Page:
It seems, at first, to just be a reflective moment after losing an old friend.    But as subsequent incarnations start rolling on, we do see changes in the Doctor's attitude towards his enemies.   He becomes more pro-active and less merciful.   Even a bit more devious.   His darker side is emerging more and more.    Before this incident, the Doctor was more the sort of protagonist who just seems to stumble into trouble.   Afterwards, he seems to seek trouble out and stare it straight in the face.  He also seems to have more of an "eye for an eye" mentality.    Repaying evil with evil.    Some versions of him show this attitude more strongly than others (ie: Doctor Seven) - but it does seem to be his general approach after he loses Tegan.    Given some of the less-than-compassionate things that he's done, we must almost wonder if "mending his ways" was such a good choice to make that day.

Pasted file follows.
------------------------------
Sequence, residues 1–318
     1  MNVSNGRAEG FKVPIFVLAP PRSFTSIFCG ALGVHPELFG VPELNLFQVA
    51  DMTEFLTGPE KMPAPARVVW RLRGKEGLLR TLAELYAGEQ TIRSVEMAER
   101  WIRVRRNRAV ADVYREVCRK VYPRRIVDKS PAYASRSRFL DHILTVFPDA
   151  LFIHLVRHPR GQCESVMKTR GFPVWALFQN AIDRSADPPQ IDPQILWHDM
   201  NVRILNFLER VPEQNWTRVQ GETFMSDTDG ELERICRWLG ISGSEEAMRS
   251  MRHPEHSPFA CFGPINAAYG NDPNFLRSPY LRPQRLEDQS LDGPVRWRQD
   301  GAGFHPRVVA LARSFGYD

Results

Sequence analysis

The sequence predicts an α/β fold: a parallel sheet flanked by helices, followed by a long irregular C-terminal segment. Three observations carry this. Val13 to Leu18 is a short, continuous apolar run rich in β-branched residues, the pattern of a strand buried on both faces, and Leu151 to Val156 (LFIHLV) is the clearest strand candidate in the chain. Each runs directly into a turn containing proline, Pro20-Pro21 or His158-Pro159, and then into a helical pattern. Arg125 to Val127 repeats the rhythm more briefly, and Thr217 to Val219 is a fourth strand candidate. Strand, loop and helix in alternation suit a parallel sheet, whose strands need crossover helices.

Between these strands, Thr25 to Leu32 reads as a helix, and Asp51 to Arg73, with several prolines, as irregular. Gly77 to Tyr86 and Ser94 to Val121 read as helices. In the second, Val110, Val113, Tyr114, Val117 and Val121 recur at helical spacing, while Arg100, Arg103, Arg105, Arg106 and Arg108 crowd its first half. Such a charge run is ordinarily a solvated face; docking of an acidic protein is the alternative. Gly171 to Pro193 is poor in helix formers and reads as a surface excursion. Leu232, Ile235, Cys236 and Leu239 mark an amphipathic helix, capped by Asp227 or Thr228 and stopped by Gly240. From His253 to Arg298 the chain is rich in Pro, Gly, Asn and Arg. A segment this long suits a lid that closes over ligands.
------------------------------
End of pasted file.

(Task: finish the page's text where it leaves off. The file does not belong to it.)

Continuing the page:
7. "Unlimitted Rice Pudding!"  (Episode One of Remembrance of the Daleks)

            Two incarnations later and the off-hand comment about mending his ways seems to reach its ultimate fruition.   For the first little while of his Seventh Life, the Doctor is more of a clown with just the slightest hints of a darker, more manipulative nature.    But then, as Doctor Who begins its Twenty-Fifth Anniversary Celebration, we start to see the claws come out.  
            Achieving such ominous titles as the Cosmic Chess Player, Time's Champion or The Oncoming Storm, the Seventh Doctor seems to openly declare war on the Evils of the Universe. In the opening few minutes of Remembrance of the Daleks, we see that he is not accidentally visitting Earth in 1963 and just happens to run into the Daleks.   He's there on purpose.   He has a plan.